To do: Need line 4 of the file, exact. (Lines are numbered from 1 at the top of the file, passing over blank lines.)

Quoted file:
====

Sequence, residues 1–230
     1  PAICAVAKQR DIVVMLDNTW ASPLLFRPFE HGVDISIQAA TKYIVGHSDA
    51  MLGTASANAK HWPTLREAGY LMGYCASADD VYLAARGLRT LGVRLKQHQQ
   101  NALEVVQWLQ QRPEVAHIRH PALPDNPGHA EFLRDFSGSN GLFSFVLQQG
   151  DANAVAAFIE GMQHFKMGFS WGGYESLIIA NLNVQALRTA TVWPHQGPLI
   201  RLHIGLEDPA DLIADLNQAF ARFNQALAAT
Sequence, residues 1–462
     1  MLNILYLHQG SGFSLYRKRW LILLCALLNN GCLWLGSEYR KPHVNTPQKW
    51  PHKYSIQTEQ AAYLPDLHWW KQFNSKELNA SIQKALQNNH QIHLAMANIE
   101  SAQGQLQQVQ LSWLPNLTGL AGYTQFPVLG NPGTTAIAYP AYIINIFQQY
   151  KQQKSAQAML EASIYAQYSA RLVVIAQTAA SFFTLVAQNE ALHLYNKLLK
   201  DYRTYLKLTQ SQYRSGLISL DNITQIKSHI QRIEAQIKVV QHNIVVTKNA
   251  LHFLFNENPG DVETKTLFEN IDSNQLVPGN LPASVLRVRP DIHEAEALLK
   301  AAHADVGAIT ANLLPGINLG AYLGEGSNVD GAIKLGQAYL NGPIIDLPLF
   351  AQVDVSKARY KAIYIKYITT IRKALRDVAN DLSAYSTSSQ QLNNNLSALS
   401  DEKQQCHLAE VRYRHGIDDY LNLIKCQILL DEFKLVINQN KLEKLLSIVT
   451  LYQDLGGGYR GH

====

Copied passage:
   101  NALEVVQWLQ QRPEVAHIRH PALPDNPGHA EFLRDFSGSN GLFSFVLQQG